This timeless bond between nature and man speaks volumes, a testament to Nepali culture’s deep respect for the vibrant symphony of life that thrives within its borders.



Most popular Wildlife of Nepal:

Bengal tiger:

Nepal Wildlife
Nepal Wildlife

Tigers in Nepal are found in the Terai Arc Landscape area, which includes five protected areas. The Bengal tiger is protected under CITES Appendix I and Nepal’s National Parks and Wildlife Conservation Act of 1973.

Nepal has implemented conservation efforts since the 1970s, resulting in a significant population increase. However, doubling the global tiger population by 2022 may be challenging.

Effective conservation requires transboundary cooperation and joint actions across borders. Currently, only around 2,670 Bengal tigers exist in the wild.

DietApex predator
HabitatForests, grasslands
Range (historical)7% of the historic range
Subspecies (extinct)3
Subspecies (extant)6
Countries:Nepal, India, Bhutan, Bangladesh
Home range needsExtensive
Population (Global)~2,670 (2018 estimate)
ThreatsPrey depletion, habitat loss, poaching, human-wildlife conflict
Conservation goalDouble national population by 2022 (Nepal)
IUCN Red List statusEndangered
CITES AppendixI




Nepal Wildlife
Nepal Wildlife

The Asian Elephant, a large mammal across Asia, prefers mixed forests, bamboo jungles, and grasslands.

In Nepal, they primarily inhabit the Terai region and are listed as endangered due to habitat loss and human-wildlife conflict.

Nepal protects them under Appendix I of the National Parks and Wildlife Conservation Act 1973 and CITES law.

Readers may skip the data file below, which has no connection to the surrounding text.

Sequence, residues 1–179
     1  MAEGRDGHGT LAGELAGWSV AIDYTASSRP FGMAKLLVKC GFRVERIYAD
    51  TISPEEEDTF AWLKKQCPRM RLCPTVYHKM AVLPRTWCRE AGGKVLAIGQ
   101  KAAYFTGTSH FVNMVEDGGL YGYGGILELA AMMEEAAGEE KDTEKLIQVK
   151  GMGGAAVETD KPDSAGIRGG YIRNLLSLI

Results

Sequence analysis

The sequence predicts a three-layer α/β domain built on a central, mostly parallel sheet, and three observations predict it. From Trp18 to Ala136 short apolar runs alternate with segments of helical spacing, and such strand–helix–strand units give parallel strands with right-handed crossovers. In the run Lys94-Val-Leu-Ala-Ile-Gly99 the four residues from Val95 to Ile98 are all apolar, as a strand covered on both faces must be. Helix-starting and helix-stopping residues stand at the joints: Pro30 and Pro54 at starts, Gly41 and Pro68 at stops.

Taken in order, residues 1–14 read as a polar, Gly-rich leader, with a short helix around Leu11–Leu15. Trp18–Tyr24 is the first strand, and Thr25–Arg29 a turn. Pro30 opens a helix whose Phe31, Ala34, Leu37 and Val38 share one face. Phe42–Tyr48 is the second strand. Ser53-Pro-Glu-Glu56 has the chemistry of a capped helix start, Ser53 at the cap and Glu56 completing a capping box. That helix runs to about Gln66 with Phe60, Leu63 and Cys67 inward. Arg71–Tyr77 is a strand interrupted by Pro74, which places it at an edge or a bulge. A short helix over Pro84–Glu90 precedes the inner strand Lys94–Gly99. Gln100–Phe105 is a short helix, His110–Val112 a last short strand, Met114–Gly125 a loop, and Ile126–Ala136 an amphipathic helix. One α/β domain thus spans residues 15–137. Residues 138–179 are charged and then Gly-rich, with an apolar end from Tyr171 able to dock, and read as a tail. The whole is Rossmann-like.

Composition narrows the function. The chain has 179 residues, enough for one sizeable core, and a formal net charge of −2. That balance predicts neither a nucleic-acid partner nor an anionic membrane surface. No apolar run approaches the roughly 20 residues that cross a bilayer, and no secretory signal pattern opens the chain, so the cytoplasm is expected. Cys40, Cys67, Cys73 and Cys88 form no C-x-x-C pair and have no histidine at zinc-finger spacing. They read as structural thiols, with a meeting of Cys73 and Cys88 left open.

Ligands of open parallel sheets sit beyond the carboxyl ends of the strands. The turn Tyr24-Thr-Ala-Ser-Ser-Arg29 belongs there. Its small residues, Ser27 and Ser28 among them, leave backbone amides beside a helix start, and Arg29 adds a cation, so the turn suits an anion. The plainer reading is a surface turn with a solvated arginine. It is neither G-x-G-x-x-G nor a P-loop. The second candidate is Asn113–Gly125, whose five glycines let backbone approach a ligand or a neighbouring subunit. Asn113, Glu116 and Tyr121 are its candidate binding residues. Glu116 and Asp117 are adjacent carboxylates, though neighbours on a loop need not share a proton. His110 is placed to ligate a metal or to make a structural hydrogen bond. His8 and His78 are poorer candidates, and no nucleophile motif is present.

HabitatMixed, deciduous, and evergreen forests, bamboo jungles, grasslands
DistributionBangladesh, Bhutan, Cambodia, China, India, Indonesia, Laos, Malaysia, Myanmar, Nepal, Sri Lanka, Thailand, Vietnam
Population (Nepal)255-265 wild + 150 domestic
Population (Global)30,000-50,000
IUCN Red List StatusEndangered
ThreatsHabitat degradation, loss of connectivity, human-wildlife conflict, disease
Legal Status (Nepal)Protected (Appendix I) under National Parks and Wildlife Conservation Act 1973
Legal Status (CITES)Appendix I (wild) & II (domestic)



Snow leopard:

Nepal Wildlife
Nepal Wildlife

The snow leopard (Uncia uncia) is a large cat native to the high mountains of Central and South Asia.

It is listed as an endangered species by the IUCN Red List due to several threats, including habitat loss, poaching, and human-snow leopard conflict.

HabitatCold, arid, and semi-arid shrubland, alpine and subalpine areas, grasslands, and open forests
DistributionAfghanistan, Bhutan, China, India, Kazakhstan, Kyrgyzstan, Mongolia, Pakistan, Russian Federation, Tajikistan, Uzbekistan, and Nepal
Population3,921-6,290 globally, 301-400 in Nepal
IUCN Red List statusEndangered